Making a Survival Keychain

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Yeah, I know… it sounds hokey. The idea that we could make a keychain that would actually help us survive. We do survival kits in Altoid tins, make “survival bracelets” and everyone has their angle on some sort of survival gadget that is “the thing” to guarantee our survival, all by itself.

Okay, maybe I’m being a bit facetious there. But the worst survival situation is the one we’re unprepared for, right? That’s why we prepare. But are we prepared for all things? If we stop to think about it, we are basically prepared to survive a disaster that strikes when we are at home. If something happens when we are away from home, some of us have get home bags to help us get there; but if we’re out with someone else, and we’ve traveled there in their car, we might even have that. All we’ll have is what we’re carrying on our body; and I don’t see people walking around with an EDC bag when they go around their daily activities.

This is why people talk about their EDC (everyday carry). We all have one. Even non-preppers have an EDC. The game show “Let’s Make a Deal” has made famous the things women carry in their purses – their EDC. The question is, whether we are carrying things on our bodies, as part of our EDC, which will help us survive.

I propose to you, that there are things we can carry on a keychain, which will, in fact, help us to survive. It won’t be a full-blown survival kit; nor will it be enough to handle all situations. But for those times when we’re caught away from home, without a survival kit or GHB, the few things on your keychain could make a huge difference.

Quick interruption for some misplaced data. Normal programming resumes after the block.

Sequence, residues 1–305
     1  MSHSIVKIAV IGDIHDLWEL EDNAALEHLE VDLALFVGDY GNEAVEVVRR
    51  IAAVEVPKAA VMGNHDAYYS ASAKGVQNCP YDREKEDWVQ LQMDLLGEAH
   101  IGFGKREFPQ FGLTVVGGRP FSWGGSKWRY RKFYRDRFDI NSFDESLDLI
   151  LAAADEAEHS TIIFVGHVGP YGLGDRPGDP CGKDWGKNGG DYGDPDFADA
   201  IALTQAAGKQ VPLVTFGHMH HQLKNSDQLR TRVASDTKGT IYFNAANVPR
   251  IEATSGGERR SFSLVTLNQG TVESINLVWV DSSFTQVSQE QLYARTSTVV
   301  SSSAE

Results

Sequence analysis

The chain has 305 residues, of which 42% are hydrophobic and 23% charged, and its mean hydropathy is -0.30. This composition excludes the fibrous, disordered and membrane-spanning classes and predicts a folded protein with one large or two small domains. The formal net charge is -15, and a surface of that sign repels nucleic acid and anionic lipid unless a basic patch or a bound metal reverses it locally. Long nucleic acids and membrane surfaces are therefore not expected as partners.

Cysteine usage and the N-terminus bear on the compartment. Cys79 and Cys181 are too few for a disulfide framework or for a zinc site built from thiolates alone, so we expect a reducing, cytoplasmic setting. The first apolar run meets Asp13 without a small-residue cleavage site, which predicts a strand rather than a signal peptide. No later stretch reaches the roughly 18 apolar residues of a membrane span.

What Does a Survival Kit Really Need?

Let’s look at this logically, starting with the things we find in most survival kits. I’ve seen a lot of survival kits through the years and I’ve made quite a number myself. For any survival kit to maximize its effectiveness, it needs to be built for the specific circumstances it will be used in. Putting a survival fishing kit into a survival kit intended to be used if you’re caught in the downtown area of your city doesn’t make any sense, if there’s no place to fish.

The other thing that has to be taken into consideration is just how long the survival kit is intended to help you survive. We’re not talking an INCH bag here, where you’re going to go attempt to live off the wild. Most survival kits are really only expected to help you through two or three days, until you can get recued. In the case of an urban survival kit, you shouldn’t really need anything more than overnight. So, when we’re thinking of any sort of an urban survival kit, like our survival keychain, that’s the terms we’re thinking in, not living out in the woods for weeks at a time.

Typically, we try to build any survival kit so that it meets the top survival needs of warmth, water and food. But if we’re only talking overnight, we really don’t need to worry about food. While our stomach might think our throat has been cut, if we don’t eat; we can get buy for a lot longer than overnight, without food.

What about water? The word around the survival community is that we can live three days without water. Under some circumstances, that can be extended to five days; but probably not out in the open, especially in truly hot weather. Nevertheless, we can survive overnight, even without water.

But water is actually rather easy to find in the city. While it might become a serious problem in a longer-term survival situation or one which blankets the whole area, it probably won’t be for an overnight situation. If you truly think you’re going to have trouble finding water in the city, you could add a four-way hose bib key to your survival keyring; but unless you’re a maintenance worker, it’s going to look a little funny carrying that around.

What that leaves us with is dealing with the weather; which is really the focus of my survival keyring. There are other things on it too; but my main purpose was to give myself a way of keeping warm, in the midst of the city, should I need too. The other things I have added, have been more out of convenience, than anything else.

So, What’s on My Keyring?